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Weeks 431-440

Oratory of Divine Love Reflection 431: Words of Everlasting Life- Reflection on Ps 19 and Mt 13:18-23


Jesus said to his disciples:  "Hear the parable of the sower.  The seed sown on the path is the one who hears the word of the Kingdom without understanding it, and the Evil One comes and steals away what was sown in his heart.

The seed sown on rocky ground is the one who hears the word and receives it at once with joy. But he has no root and lasts only for a time. When some tribulation or persecution comes because of the word, he immediately falls away. The seed sown among thorns is the one who hears the word, but then worldly anxiety and the lure of riches choke the word and it bears no fruit. But the seed sown on rich soil is the one who hears the word and understands it, who indeed bears fruit and yields a hundred or sixty or thirtyfold." (Mt 13:18-23, from


 “Lord, you have the words of everlasting life…” (Psalm 19)


This is from the Psalm 19.


“Lord, you have the words of everlasting life.” What does that mean? That means simply that God has freely told us the means of getting to heaven. Our religion is not one where we have to meditate for years on end to become enlightened; to have imparted on us some secret knowledge or wisdom for acquiring salvation. God has told us plainly what to do, and what not to do. Why? Because he wouldn’t be God if he didn’t. In order for God to be God, he must be perfect. In order for God to be perfect he MUST be all knowing, all powerful, and all loving. In order for God to be all loving, he simply cannot wash his hands of us. He simply cannot leave us to own devices and watch us as we struggle toward a goal that we have no possible hope of achieving. That isn’t loving. That’s sadistic!


So, in order for God to BE God, he MUST tell us how to acquire eternal life, and he MUST give us a means toward achieving eternal life; so, he gave us the Church. The Church is the custodian of God’s word, which gives us the instructions for acquiring salvation, and the Church provides the sacraments, which contain the Graces that make it possible for us TO keep his word, and so acquire salvation. And so, we have in the Ten Commandments, the foundation of morality. The commandments teach us how to be just.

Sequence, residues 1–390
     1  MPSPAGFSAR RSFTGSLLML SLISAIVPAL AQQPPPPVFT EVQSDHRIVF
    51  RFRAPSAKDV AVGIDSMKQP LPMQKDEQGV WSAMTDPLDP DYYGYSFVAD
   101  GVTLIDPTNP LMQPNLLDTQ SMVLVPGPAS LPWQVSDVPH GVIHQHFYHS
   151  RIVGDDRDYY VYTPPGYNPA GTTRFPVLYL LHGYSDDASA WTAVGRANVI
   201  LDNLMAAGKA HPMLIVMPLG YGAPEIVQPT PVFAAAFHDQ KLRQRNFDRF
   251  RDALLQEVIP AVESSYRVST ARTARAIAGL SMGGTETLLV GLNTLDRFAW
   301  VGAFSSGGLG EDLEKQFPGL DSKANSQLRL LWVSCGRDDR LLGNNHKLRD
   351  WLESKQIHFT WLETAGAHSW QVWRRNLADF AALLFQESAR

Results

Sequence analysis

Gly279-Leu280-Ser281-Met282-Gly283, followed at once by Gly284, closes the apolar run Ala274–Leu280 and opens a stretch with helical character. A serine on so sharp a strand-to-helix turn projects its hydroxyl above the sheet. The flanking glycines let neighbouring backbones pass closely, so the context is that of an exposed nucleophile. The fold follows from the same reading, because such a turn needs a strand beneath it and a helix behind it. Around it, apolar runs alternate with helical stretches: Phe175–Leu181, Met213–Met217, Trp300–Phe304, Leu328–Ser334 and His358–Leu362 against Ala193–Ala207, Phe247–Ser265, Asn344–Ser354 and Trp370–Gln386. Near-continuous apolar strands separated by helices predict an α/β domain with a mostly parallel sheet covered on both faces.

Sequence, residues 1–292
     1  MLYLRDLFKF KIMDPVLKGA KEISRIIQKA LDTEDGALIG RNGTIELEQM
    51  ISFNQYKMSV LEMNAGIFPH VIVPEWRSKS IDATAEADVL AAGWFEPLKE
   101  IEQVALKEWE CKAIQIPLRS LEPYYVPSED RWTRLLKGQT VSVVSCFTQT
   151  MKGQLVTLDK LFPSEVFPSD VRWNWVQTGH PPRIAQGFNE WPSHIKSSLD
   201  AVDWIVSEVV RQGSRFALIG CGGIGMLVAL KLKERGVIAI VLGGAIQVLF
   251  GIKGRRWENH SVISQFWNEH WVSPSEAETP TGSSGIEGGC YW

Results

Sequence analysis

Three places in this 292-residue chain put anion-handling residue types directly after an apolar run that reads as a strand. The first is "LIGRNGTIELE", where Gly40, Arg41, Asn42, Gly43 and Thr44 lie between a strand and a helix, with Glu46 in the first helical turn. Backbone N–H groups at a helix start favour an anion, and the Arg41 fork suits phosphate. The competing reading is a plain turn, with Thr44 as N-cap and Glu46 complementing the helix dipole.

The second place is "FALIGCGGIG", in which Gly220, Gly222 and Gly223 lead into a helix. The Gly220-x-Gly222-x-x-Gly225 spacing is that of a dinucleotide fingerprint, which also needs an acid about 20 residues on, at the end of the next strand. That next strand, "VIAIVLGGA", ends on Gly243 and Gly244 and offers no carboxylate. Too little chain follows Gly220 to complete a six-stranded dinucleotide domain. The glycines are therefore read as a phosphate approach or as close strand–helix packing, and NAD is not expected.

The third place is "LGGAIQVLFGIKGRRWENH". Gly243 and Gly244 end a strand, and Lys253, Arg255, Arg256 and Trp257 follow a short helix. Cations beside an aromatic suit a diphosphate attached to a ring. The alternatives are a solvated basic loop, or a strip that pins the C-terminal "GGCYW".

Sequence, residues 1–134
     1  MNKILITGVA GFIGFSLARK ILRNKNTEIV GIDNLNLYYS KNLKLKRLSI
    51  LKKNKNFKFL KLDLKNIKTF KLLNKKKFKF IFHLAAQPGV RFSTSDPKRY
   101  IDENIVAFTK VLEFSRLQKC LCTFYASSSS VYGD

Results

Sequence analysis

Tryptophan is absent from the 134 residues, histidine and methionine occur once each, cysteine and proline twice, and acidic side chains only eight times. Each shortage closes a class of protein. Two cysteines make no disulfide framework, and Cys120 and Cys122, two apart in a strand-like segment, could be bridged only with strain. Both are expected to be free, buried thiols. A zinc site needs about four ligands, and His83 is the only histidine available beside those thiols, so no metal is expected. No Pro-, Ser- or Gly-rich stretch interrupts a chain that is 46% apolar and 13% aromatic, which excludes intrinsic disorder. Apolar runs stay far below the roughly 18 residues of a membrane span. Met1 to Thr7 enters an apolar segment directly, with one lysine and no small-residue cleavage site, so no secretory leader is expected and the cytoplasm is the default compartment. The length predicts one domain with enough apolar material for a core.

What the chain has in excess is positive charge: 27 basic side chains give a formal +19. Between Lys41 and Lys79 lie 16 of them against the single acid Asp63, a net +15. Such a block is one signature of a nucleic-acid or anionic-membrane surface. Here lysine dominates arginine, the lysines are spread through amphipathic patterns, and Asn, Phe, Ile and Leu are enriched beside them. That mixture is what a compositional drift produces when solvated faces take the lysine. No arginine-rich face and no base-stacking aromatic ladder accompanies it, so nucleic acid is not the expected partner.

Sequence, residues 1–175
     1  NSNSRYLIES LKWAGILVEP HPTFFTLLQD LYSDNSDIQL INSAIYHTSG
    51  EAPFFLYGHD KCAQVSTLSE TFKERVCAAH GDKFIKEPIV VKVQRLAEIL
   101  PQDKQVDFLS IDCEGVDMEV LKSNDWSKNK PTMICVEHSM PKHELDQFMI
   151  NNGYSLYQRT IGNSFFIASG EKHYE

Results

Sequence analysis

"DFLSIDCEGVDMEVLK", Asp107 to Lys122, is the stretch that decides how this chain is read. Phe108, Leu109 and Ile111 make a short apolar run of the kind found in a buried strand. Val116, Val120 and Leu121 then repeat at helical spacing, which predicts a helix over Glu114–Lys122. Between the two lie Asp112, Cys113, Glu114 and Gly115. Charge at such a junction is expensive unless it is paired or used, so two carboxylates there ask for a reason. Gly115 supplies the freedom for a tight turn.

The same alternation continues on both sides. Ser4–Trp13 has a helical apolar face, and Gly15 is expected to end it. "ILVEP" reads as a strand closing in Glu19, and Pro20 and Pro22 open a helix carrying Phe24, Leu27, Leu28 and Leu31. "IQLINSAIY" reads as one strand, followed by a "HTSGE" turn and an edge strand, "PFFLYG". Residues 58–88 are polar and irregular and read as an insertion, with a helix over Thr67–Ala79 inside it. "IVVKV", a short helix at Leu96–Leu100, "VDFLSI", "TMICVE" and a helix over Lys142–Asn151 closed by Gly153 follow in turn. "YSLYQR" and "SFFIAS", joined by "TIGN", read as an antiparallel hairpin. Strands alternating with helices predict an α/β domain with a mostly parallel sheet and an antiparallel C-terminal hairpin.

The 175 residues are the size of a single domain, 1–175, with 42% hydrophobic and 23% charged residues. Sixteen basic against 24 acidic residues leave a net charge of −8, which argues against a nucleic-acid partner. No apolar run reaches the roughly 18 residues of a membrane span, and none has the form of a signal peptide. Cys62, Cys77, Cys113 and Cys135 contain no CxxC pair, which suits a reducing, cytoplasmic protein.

The first three outline what we owe God; the remaining seven, what we owe each other.  Jesus completes the teaching in his Sermon on the Mount, with the beatitudes. The beatitudes explain the way to become holy.  Each of the beatitudes breaks us of an earthly attachment and focuses us on a spiritual good.


The Gospel from Matthew ties into this theme. In it, Jesus explains the parable of the sower, and why the sower allows his seeds to fall on anything other than good soil. WHY does he allow his seeds to fall on the path, among the rocks and thorns? Because the Lord has the Words of everlasting life, and that word goes everywhere. But it’s up to each one of us individually, to do something with that word. It’s up to us to allow that word to affect us, so we can affect others.


The problem these days is that people don’t care if it’s in the Bible or not. Their feelings trump everything, even Scripture. God’s word is not subjective. God has told us very clearly what to do, and what NOT to do, to get to heaven.  Because the Lord has the words of everlasting life.